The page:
BMW M42

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BMW M42
Overview
Manufacturer BMW
Production 1989–1996
Combustion chamber
Configuration DOHC Straight-4
Displacement 1796 cc
Chronology
Predecessor BMW M40
Successor BMW M44

The BMW M42 is a straight-4 DOHC piston engine produced from 1989 to 1996.[1] Following BMW's typical construction techniques, the motor incorporates a durable cast-iron block and aluminum head. Weight-saving measures include aluminum chain cases, oil sump, motor mount arms, accessory mounts and a cartridge-style oil filter housing. Closely related to the single cam M40, the DOHC 16 valve head and chain-driven cams provided a notable increase in power. It was used in North American versions of the E36 318i instead of the M40. The M42 also incorporated other performance features such as a forged steel crankshaft and welded tubular stainless steel exhaust manifold instead of the more typical cast-iron items. BMW also fitted hydraulic motor mounts to decrease the inline four's inherent noise, vibration and harshness (NVH) compared to the smoother inline sixes already in production at that time.

The M42 went through several minor revisions during production. All versions featured a low-maintenance timing chain with a self-adjusting hydraulic chain tensioner and hydraulic valve tappets. The M42 also incorporated the Bosch Motronic M1.7 DME, eliminating a distributor in favor of fully electronic ignition timing. The DME was configured to fire four individual remotely mounted coils. Furthermore, in markets that required emissions controls, the DME also incorporated an upstream O2 sensor and three-way catalyst.

Early models of the M42 were subject to several recalls. The most common recall was due to frequent failures with a profile gasket sealing the lower cam chain case to the underside of the cylinder head.[2] This gasket seals the primary coolant passage within the timing chain case. A significant failure would thus discharge pressurized steam and hot coolant into the timing chain case. In many cases this coolant rapidly contaminates the motor oil in the sump, causing main bearing failure. Most failures were noted with poorly maintained motors, especially where coolant specifications and mixtures were not observed. BMW updated the profile gasket material and instituted a program to repair motors under warranty. In extreme cases, the aluminum mating surfaces in the head and chain case would corrode.[3]

The earliest versions of the M42 also developed problems with the cam chain drive. The hydraulic tensioner, chain guides, idler wheel and rear lower chain case have all been updated to resolve problems with mechanical wear. Most of these changes were implemented in the M42's closely related successor, the M44. These parts can all be retrofitted to the M42 to improve durability.

When installed in the BMW E30, a two-piece oil pan with a removable front sump was fitted to the M42. This design has two notable problems. The first is a vulnerability to road hazards, as the sump sits fairly low and is not protected by a subframe or cross-member. The aluminum pan will crack instead of deform on significant impacts. Steel skid plates have been developed to resolve this problem and are highly recommended in cases where the front suspension has been modified to improve handling.[4] The second problem is far more significant - the upper oil pan casting incorporates the oil pump's supply passage, and is sealed to the crankcase oil filter housing with a paper gasket. Thermal cycles and engine vibration tend to loosen the six 10mm upper pan mounting bolts inside the motor.[5] Routinely, a loose 10mm bolt or two can be found rattling around high-mileage M42 sumps. If not caught in time, the paper gasket sealing the oil pickup passage can be forced into the crankcase by oil pressure, potentially causing a major loss of oil pressure and/or aeration of the motor oil. Thus it is strongly recommended that any new owner of an early M42 remove the lower pan to inspect these bolts. A permanent solution is to remove & clean the six internal 10mm bolts, apply a thread-locking sealant to the bolts, and re-assemble.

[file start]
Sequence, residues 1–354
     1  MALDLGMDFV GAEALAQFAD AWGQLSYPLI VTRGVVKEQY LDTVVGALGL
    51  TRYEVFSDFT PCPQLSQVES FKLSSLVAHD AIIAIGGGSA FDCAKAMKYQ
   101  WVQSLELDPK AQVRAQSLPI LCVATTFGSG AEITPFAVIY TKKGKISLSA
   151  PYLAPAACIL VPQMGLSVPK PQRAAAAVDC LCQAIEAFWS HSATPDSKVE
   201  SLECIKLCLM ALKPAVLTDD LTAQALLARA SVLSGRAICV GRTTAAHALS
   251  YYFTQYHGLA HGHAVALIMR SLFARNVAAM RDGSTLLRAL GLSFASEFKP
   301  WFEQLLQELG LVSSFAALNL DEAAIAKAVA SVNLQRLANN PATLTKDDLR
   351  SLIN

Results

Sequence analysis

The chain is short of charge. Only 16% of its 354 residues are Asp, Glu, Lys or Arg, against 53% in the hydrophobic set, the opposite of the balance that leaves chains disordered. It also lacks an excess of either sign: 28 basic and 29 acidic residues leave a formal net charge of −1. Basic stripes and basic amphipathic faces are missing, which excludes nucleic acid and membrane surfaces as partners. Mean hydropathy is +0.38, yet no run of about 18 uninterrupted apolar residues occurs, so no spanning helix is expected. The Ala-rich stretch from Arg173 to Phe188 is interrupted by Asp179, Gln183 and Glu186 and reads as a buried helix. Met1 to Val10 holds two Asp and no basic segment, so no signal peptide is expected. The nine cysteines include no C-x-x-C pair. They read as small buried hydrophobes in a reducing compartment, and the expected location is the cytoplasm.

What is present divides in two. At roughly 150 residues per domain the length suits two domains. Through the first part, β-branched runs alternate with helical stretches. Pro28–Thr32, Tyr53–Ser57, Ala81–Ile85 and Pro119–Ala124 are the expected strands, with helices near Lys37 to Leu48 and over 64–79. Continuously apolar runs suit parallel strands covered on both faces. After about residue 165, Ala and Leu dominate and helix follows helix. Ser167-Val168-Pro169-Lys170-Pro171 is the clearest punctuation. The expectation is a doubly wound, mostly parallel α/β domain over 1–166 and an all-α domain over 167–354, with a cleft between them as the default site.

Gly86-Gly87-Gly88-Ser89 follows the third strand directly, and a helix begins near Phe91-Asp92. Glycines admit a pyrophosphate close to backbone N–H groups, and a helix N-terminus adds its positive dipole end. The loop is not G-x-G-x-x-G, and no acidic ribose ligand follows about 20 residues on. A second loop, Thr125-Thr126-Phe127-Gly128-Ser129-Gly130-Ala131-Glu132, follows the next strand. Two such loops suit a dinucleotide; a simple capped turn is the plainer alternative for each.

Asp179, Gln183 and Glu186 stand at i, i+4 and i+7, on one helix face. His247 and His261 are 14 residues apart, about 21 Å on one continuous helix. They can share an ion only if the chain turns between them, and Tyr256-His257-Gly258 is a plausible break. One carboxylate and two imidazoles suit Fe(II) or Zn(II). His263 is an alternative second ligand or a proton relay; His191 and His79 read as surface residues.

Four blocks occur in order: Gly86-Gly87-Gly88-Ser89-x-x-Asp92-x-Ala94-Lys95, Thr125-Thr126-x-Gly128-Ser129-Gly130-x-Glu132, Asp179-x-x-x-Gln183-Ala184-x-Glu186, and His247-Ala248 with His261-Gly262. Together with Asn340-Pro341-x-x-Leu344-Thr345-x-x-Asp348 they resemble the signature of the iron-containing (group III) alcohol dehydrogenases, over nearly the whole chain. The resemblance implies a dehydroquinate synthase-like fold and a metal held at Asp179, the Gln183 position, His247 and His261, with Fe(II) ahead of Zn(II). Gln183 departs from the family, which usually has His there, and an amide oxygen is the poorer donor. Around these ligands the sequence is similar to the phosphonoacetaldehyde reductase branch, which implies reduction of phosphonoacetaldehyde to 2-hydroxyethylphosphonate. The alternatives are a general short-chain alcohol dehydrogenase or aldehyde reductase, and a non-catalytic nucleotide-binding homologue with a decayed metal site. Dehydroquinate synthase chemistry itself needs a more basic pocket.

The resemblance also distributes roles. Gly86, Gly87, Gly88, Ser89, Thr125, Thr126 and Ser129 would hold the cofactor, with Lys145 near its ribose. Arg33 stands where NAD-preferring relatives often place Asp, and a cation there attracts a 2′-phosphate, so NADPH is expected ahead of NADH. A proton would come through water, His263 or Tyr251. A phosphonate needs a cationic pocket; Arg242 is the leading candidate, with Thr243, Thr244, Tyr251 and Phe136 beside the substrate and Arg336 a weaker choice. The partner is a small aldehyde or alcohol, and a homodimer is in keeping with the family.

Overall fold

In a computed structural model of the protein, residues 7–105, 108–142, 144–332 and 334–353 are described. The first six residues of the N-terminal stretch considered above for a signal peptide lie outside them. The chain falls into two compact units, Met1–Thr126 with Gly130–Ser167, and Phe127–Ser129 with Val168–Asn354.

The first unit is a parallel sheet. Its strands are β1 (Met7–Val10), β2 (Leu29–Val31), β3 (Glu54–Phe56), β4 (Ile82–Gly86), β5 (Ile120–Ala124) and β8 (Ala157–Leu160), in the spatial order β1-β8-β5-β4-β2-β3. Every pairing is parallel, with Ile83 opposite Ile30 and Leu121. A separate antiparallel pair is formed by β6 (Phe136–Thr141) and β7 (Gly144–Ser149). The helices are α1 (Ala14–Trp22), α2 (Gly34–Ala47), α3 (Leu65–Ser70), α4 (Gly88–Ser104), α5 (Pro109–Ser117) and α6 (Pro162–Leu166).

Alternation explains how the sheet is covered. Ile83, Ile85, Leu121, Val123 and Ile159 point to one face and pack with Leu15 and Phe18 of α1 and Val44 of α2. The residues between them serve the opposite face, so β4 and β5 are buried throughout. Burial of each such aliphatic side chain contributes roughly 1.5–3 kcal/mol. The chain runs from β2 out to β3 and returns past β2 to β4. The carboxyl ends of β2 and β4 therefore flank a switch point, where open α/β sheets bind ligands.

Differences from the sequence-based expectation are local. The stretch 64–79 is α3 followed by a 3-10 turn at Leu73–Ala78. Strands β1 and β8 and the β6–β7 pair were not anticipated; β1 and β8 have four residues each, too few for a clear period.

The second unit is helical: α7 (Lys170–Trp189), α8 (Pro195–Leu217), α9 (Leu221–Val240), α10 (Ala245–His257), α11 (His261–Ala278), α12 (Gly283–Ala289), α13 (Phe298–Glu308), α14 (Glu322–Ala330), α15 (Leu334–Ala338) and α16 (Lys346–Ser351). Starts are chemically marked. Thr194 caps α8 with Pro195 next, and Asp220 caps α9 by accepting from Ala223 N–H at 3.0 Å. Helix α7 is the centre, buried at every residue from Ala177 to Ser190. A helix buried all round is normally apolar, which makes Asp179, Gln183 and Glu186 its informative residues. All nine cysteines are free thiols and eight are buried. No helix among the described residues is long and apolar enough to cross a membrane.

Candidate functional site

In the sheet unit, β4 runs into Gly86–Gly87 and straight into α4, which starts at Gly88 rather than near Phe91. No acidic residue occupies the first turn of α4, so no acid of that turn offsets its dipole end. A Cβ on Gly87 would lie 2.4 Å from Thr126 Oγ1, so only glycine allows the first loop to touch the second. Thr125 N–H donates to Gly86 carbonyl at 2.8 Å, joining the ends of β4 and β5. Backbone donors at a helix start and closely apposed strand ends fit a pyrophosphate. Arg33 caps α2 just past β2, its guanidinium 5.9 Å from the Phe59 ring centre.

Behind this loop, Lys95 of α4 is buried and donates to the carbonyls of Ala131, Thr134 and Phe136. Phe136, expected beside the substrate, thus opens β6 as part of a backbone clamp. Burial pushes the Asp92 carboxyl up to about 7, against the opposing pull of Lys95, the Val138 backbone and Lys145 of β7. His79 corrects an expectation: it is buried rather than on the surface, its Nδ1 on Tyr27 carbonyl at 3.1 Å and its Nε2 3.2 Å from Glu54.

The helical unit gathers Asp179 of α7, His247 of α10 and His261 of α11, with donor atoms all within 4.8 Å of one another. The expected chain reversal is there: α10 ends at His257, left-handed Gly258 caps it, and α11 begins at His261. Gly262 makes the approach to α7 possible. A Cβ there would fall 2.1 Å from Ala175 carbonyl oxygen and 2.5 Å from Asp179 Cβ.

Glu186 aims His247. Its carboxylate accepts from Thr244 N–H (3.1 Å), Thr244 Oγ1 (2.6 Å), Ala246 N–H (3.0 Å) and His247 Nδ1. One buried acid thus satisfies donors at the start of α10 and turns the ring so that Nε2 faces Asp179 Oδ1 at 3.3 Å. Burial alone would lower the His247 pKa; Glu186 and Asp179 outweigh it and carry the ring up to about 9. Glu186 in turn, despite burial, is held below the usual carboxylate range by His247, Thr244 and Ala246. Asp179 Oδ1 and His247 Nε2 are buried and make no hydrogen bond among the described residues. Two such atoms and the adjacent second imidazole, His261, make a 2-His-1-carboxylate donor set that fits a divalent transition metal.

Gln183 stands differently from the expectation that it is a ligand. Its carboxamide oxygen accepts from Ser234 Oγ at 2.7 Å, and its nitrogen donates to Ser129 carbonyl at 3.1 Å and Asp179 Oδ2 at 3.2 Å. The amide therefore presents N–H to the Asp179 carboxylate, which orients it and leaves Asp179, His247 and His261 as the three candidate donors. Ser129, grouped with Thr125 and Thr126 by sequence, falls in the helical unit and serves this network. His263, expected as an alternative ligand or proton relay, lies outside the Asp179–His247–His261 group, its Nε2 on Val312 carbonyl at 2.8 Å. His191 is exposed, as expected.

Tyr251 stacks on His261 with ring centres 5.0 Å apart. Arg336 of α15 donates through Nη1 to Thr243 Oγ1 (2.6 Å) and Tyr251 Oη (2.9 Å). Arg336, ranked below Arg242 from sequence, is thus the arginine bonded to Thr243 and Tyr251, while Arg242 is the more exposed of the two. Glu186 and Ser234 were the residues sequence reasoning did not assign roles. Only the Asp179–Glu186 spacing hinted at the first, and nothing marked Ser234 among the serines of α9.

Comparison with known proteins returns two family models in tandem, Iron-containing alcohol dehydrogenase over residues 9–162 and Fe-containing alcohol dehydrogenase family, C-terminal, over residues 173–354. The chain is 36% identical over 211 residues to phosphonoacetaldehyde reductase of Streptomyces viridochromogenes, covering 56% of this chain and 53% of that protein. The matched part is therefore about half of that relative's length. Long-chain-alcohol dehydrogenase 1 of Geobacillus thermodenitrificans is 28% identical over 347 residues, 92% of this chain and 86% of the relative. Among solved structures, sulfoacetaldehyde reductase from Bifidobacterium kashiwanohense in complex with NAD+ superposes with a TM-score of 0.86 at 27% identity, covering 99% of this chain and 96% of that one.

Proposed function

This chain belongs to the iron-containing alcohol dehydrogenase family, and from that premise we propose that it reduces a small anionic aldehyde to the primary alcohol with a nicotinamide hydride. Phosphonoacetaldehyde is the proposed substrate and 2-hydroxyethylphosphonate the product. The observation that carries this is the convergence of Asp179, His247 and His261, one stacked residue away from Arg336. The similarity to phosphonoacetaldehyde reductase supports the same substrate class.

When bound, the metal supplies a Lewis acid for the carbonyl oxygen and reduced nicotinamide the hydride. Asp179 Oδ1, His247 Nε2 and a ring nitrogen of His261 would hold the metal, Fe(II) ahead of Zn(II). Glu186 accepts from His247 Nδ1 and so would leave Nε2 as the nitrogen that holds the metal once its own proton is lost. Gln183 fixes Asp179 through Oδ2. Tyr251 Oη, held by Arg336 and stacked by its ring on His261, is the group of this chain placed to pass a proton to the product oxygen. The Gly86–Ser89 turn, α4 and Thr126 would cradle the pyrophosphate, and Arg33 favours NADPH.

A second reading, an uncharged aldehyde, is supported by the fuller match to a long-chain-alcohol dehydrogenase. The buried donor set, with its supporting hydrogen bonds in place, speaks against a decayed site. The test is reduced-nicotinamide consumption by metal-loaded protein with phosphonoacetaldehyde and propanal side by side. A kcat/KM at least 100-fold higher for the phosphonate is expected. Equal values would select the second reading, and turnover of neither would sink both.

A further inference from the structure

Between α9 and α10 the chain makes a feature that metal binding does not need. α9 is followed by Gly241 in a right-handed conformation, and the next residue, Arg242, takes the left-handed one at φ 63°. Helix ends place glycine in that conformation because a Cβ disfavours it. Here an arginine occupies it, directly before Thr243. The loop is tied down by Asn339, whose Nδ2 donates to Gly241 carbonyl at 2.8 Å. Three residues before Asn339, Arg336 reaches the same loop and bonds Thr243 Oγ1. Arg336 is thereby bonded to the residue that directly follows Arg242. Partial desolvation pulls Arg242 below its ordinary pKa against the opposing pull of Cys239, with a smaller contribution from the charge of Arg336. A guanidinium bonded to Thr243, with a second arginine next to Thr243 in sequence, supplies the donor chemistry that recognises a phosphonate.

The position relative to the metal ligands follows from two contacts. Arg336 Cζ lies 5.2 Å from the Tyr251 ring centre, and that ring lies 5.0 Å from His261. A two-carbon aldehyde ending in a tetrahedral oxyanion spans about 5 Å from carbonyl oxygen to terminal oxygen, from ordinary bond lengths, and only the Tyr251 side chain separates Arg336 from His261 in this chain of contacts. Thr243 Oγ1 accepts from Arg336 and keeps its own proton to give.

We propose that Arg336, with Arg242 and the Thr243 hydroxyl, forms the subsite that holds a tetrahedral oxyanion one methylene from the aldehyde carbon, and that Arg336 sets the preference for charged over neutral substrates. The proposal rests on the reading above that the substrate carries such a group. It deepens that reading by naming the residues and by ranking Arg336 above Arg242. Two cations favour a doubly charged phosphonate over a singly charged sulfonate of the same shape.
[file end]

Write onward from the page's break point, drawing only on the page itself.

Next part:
In the final versions of the M42, BMW engineered a dual length intake manifold (called "DISA" by BMW)[6]

Models[edit]

M42B18[edit]

The M42B18 has a displacement of 1,796 cc, which is achieved through a bore of 84 mm and a stroke of 81 mm.[6] The engine uses Bosch Motronic 1.7 fuel injection. Versions equipped with a catalytic converter produce 100 kW and 172 Nm.[1] and meets with Euro2 norms.

Engine Displacement Power Torque Redline Year
M42B18 1,796 cc 103 kW (140 PS; 138 hp) @ 6,000 175 N·m (129 lb·ft) @ 4,500 6,400 +-30 1989-1996

Applications:

  • 1989-1991 E30 318i (only North American models)
  • 1989–1991 E30 318iS
  • 1992–1996 E36 318i/318ti (only North American and South African models)
  • 1992–1996 E36 318iS
  • 1996 Z3[7]

S42B20[edit]

A racing version of the M42 Engine, called the S42 is known. It was used in BMW's 320 4-door touring car, participating in the German racing series called STW (Super Tourenwagen Cup). It differed by having individual throttle bodies (ITB) for each cylinder and its capacity was enlarged to 1999 cc. It had eight fuel injectors instead of the standard four. Valve cover and airbox were entirely made of carbon fiber. Lubrication was provided by a dry sump system. Compression ratio was increased and a lightweight head installed.

Horsepower evolution steps of the S42 Engine:

Year 1995 1996 1997
300 hp (224 kW) 308 hp (230 kW) 315 hp (235 kW)

In its final evolution, this engine develops 158 HP/l.

See also[edit]

References[edit]

External links[edit]